Pictured above: Hacktag
We had another surprisingly busy week of new indie releases, so many that I'll have to come back in a few days with a bonus article. As always, I'm not here to personally recommend any of these games; I'm just highlighting some recent releases that you may have missed. Remember to check out reviews and videos to find more information on each game.
All Yes Good
Octogeddon is a two-button shoot 'em up made by some of the original developers of Plants vs Zombies. You play as a rampaging octopus bent on punishing humanity for eating his fellow cephalopods. The gameplay involves attaching animal-based weapons to your tentacles, then rotating your octopus to direct your attacks at incoming enemies or blocking projectiles. Buy new weapons during your campaign with coins, then use shells you've collected at the end of your run to unlock new items that can appear in future missions.
Crossing Souls is a retro-inspired adventure game published by Devolver Digital. Set in California in 1986, a group of five friends have their summer turned on its head when they discover a mysterious pink stone that grants them the ability to travel to another realm. They soon find themselves wrapped up in a government conspiracy, and must use their unique skills to fight enemies and solve puzzles. You can also find Crossing Souls on the Humble Store, GOG, and PS4, with a Vita version coming soon.
Swaps and Traps is a puzzle-platformer with a really unique gimmick. Each deathtrap-laden puzzle takes place on a single screen, and the objective is to collect all the keys. The gimmick that makes Swaps and Traps special is that each time you grab a key, a portion of the screen flips in some bizarre way. The level becomes increasingly jumbled as you collect keys, forcing you to relearn its set-up on the fly.
DYO takes a similar approach to puzzles as Swaps and Traps, but with a co-op element. Two minotaurs are trapped in different halves of a split screen, and will have to work together to shift the screen around to open up paths for each other. There's 30 labyrinthine levels in all, which the developer says equals out to around four hours of content. The game is designed in such a way that you can technically play it solo by controlling both characters, but it was obviously built with co-op in mind.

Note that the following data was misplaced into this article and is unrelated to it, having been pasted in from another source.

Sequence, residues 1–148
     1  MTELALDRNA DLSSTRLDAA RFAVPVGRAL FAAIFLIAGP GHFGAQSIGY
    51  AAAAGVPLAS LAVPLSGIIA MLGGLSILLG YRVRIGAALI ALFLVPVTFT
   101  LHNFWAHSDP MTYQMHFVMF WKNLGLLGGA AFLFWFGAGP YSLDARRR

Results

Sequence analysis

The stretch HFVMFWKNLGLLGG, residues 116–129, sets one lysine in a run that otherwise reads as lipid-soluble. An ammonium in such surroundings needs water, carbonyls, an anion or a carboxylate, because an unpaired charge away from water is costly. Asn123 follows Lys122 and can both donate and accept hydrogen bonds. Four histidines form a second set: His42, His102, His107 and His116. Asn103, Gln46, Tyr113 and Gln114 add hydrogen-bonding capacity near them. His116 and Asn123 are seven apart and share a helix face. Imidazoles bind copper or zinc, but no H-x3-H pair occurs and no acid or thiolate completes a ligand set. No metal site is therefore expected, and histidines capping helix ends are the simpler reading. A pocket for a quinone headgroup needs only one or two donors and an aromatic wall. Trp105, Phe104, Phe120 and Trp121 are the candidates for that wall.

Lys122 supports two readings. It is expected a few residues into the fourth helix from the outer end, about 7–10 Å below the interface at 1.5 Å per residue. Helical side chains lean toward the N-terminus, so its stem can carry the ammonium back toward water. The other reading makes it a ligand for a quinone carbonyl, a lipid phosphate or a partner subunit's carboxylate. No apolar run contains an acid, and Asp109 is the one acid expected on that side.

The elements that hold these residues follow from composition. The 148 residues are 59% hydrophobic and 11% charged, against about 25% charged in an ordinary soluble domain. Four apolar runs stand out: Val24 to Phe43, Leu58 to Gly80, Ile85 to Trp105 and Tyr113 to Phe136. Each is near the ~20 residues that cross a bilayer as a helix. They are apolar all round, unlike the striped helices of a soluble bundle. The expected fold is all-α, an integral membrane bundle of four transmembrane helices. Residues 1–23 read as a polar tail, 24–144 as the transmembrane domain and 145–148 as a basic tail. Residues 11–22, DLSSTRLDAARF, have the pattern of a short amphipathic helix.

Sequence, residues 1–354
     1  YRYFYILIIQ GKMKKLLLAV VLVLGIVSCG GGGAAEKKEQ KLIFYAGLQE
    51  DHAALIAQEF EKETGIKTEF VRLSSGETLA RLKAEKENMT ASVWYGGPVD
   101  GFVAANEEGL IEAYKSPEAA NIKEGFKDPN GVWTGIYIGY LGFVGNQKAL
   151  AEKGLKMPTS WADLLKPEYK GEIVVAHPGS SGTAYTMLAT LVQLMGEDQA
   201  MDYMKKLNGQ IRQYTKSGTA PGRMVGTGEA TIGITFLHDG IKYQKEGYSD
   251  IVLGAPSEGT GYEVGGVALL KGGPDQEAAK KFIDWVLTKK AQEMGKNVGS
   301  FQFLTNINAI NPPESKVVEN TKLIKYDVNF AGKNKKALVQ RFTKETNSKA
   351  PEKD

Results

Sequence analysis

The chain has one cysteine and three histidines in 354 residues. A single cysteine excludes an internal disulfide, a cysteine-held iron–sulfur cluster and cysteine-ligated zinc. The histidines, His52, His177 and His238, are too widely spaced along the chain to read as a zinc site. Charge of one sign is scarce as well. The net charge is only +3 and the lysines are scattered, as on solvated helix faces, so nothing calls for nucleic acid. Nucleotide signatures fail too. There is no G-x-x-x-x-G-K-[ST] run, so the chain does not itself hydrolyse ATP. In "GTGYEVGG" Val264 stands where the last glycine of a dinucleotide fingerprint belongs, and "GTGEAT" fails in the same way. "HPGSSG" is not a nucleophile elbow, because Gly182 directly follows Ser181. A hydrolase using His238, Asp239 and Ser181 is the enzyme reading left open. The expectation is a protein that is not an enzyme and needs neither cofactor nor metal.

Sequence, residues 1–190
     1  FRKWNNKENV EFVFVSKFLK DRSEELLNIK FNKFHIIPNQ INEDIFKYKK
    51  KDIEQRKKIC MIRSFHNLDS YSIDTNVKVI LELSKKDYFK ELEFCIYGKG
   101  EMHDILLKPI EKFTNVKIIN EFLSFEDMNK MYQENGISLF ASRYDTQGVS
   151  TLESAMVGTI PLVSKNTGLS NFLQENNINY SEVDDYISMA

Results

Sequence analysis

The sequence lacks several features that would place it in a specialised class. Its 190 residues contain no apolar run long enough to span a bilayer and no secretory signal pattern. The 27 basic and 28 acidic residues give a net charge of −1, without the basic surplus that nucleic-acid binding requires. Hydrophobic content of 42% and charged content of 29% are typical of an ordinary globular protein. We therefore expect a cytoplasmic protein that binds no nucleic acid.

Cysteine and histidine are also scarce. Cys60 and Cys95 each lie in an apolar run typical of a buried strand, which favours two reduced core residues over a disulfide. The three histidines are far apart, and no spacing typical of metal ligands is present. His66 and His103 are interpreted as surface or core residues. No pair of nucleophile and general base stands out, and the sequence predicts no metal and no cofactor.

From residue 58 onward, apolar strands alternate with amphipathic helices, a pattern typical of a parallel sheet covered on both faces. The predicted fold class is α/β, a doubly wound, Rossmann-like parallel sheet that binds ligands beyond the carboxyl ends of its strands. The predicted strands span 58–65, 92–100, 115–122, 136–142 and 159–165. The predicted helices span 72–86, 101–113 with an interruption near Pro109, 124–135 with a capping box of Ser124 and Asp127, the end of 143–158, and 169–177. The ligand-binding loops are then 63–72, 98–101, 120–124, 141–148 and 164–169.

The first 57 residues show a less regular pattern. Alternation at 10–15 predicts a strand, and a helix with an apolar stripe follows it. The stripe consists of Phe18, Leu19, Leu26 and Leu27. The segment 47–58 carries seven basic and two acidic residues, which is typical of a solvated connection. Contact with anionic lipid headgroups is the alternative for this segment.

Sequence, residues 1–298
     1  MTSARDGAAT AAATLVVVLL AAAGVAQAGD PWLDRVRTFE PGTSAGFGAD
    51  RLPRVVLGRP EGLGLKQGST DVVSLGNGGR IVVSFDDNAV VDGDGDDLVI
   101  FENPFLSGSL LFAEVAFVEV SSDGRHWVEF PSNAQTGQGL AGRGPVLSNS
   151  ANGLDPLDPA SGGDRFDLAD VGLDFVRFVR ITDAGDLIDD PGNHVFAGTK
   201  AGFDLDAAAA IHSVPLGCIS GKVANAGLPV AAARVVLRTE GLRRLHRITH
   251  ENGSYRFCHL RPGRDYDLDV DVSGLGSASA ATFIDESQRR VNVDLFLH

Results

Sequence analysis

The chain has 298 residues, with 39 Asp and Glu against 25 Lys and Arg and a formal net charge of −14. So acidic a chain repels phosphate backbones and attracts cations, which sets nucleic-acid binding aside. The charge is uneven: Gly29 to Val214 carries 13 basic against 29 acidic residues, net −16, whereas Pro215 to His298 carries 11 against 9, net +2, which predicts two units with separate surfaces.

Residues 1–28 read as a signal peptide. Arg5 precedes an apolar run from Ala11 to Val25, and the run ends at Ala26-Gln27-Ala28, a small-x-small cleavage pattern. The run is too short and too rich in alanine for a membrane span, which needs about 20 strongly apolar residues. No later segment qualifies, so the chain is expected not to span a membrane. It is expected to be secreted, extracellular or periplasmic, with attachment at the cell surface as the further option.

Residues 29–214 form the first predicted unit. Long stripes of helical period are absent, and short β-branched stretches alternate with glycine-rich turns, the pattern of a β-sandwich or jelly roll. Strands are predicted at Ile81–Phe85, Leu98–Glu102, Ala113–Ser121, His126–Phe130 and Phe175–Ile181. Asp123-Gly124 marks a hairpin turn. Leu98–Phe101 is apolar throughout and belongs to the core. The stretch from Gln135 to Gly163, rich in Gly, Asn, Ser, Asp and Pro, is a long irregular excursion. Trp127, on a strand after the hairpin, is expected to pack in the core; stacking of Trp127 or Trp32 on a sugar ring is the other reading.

Piece of Cake Studios
Speaking of co-op games, Hacktag is a stealth game set in a high-tech world of anthropomorphic animals. Players control mercenaries working for different corporations on stealth espionage missions for the highest bidder. One player is a field agent that sneaks around an isometric map, while the other is a hacker that supports them by unlocking doors and infiltrating computer systems. This asymmetric approach extends to the story, where each player gets their own narrative with different NPCs. You can play it alone like with DYO, but you'd be missing out on a big part of the experience.
Dead Maze is a 2D MMO set during a zombie apocalypse. Work together with other players to restore civilization by scavenging for resources, food, and water. Craft hundreds of different items and weapons, including modular player housing. Plant seeds to raise crops and breed livestock to build your own little self-sufficient oasis in a dangerous world.
Create your own dinosaurs in Fossil Hunters, a paleontology-themed puzzle adventure game. Choose one of four fossil hunters and dig through underground levels to find fossil tiles. Connect the tiles together to create complete skeletons and further your scientific research. Join forces with your friends to create the ultimate dinosaur skeleton, or betray them at the last minute and hog all the glory for yourself. You can also find Fossil Hunters on the PS4, Switch, and Xbox One.
Finally we come to Deep Sixed, a new space exploration roguelite. You are a prisoner unwillingly working off the rest of your sentence as an interstellar cartographer exploring the far reaches of uncharted space. Chart new regions and try to survive the many unknown alien creatures you are bound to encounter on your journey. Manage disasters as parts of your rickety old starship break down through battle damage or old age. These parts will stay broken until you can figure out how to repair them using whatever scraps you can piece together.
Which of these games caught your attention?